It worked! At six months, the TJQ participants had 31% fewer falls than the MME group. (A number needed to treat just above three is nothing to sneeze at.) Are these patients like yours? Can they do tai chi for six months? Where is it provided in your area and who is paying for it? What happens after six months? Perhaps we can stay tuned for future studies, or interventions by you or other enterprising readers.
Patient-reported experiences of dialysis care within a national pay-for-performance system
I have a Spanish-speaking patient who went to a dialysis center that treated him poorly. They didn’t have enough staff, and no one spoke Spanish. I tried calling them to complain, but apparently my patient complained to them in person, and now they treat him a lot better.
Dialysis, of course, can be stressful and draining at the best of times as a procedure in itself. But the quality of centers can significantly vary, a new study tells us. I admit that I have been suspicious of the usefulness of CAHPS (patient-satisfaction data from the US Centers for Medicaid and Medicare Services) to drive change. But this study was only made possible by surveys administered by dialysis centers to be in compliance with Medicare requirements. 59% of dialysis centers (2,939) reported ICH-CAHPS scores in 2015-6, the period analyzed. (Some dialysis centers not reporting scores did not have enough patients to be required to report, though not all of them, and one suspects that the non-reporting centers differed in other important ways.)
Which centers had higher scores, and which had lower ones? (Close this tab for a minute and write down your guesses.) Quoting the paper itself is most efficient: “Facilities in the top 50th percentile of mean facility ICH-CAHPS scores cared for more white and Asian and older patients [….] those with private group insurance, and higher incomes.” Lower scoring facilities had more black or Native American patients, fewer nurses, and were more likely to be for-profit.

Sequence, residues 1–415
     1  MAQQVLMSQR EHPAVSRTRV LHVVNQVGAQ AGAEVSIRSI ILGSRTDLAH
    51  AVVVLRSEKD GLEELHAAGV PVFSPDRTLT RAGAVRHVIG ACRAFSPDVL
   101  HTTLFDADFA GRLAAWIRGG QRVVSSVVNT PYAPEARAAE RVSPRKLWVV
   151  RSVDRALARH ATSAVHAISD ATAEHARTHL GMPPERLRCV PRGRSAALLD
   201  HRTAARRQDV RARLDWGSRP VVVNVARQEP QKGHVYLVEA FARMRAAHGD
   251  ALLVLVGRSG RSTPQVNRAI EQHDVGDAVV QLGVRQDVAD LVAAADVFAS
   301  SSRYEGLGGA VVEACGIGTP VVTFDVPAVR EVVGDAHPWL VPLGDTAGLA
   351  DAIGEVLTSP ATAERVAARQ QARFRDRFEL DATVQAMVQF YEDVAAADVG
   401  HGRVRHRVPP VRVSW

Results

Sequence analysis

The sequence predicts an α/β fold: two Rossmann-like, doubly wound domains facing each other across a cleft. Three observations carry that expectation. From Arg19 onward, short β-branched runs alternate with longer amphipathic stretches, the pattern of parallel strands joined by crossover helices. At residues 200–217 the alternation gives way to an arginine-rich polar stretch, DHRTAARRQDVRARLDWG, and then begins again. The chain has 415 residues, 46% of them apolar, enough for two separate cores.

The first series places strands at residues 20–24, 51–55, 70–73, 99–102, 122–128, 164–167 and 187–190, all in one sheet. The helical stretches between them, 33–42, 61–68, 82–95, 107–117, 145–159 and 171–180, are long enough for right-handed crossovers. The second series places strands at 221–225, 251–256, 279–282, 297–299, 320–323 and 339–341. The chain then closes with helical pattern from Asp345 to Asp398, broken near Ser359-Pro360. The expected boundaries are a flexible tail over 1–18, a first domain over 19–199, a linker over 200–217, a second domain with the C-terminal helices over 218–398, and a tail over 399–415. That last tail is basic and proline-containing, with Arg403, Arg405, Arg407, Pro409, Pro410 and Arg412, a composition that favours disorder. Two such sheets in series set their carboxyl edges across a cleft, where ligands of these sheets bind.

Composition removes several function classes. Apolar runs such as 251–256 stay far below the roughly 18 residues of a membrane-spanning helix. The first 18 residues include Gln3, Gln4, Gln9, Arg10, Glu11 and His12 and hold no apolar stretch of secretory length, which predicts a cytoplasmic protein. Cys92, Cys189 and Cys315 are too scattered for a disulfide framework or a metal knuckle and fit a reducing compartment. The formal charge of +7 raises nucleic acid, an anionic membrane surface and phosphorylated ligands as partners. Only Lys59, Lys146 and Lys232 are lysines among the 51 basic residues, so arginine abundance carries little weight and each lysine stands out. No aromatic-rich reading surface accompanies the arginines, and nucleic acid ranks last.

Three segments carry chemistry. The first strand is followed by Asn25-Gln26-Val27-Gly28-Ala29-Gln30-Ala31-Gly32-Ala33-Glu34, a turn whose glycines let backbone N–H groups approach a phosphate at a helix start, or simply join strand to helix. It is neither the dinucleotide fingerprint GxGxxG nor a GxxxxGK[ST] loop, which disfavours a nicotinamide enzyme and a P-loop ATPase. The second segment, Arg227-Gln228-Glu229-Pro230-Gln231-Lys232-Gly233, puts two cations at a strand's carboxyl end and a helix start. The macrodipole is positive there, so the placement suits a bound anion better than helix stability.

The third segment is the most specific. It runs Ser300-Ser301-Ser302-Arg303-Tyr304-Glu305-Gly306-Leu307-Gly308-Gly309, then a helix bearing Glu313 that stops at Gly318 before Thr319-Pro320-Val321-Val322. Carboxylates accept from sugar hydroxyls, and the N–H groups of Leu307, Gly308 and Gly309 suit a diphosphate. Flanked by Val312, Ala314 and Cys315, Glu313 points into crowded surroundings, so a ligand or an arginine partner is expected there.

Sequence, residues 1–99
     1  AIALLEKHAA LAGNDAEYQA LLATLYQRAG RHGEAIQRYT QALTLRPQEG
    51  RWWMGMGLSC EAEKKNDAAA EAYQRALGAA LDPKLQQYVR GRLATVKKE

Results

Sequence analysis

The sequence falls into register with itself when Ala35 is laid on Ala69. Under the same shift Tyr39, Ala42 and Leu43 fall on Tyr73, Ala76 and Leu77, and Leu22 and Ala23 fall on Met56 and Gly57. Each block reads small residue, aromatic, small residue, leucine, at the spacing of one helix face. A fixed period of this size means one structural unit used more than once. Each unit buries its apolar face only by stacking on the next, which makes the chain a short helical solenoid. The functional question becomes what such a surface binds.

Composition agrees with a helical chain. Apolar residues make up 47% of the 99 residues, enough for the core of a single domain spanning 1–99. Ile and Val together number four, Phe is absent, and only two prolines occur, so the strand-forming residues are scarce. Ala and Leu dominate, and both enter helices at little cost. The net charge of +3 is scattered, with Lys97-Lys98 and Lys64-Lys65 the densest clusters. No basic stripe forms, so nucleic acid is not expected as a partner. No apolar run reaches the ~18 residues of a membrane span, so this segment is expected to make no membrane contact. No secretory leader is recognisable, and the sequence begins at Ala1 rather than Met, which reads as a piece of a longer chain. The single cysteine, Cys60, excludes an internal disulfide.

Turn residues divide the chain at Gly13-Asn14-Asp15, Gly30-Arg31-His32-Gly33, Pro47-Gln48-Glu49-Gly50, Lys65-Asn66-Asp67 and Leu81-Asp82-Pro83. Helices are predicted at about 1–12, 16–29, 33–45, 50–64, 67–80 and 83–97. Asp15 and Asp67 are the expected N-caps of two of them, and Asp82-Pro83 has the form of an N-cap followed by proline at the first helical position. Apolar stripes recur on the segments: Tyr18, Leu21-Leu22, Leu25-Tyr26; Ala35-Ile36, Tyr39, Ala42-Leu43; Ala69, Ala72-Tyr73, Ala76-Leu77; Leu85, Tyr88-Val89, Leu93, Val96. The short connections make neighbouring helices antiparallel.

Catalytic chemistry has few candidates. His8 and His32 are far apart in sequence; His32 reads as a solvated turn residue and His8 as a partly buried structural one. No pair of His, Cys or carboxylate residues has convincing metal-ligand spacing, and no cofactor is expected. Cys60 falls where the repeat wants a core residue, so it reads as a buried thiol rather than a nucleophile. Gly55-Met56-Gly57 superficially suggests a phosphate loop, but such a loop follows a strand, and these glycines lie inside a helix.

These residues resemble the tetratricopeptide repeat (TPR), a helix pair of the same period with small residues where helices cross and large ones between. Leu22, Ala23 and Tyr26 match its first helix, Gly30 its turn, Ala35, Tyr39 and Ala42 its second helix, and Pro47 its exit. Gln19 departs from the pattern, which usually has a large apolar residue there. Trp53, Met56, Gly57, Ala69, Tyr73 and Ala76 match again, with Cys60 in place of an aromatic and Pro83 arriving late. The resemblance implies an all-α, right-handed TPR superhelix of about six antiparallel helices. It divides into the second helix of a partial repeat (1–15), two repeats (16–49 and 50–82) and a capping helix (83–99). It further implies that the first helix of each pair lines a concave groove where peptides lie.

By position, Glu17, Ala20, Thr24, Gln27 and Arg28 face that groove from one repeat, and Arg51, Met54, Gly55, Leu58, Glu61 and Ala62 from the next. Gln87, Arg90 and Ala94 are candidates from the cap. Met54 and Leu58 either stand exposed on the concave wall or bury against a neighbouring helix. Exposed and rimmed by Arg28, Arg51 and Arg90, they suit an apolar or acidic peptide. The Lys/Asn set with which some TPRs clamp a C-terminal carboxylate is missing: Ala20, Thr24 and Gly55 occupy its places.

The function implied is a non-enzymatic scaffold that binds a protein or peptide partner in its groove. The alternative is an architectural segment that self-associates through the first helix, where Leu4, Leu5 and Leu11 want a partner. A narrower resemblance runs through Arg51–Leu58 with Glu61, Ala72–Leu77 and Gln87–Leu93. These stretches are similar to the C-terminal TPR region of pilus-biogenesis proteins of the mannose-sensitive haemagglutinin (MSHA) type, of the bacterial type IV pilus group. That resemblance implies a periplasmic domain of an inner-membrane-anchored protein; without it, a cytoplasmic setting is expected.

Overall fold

Also, facilities with higher proportions of Hispanic and Asian patients received lower scores on communication -which my patient mentioned above could have testified to. There is economic and social inequity, and patients likely not to speak English are underserved. Will quality scores help make Medicare for dialysis patients equitable, or will it require a broader systems change?
Zackary Berger, is an associate professor at Johns Hopkins School of Medicine in the division of general internal medicine, and core faculty in the Johns Hopkins Berman Institute of Bioethics, both in Baltimore, Maryland. Zackary’s research focuses on shared decision making, patient-centered care, and health justice. He is also a practising physician at a free health clinic for undocumented, predominantly Spanish-speaking, immigrants.
Competing interests: None declared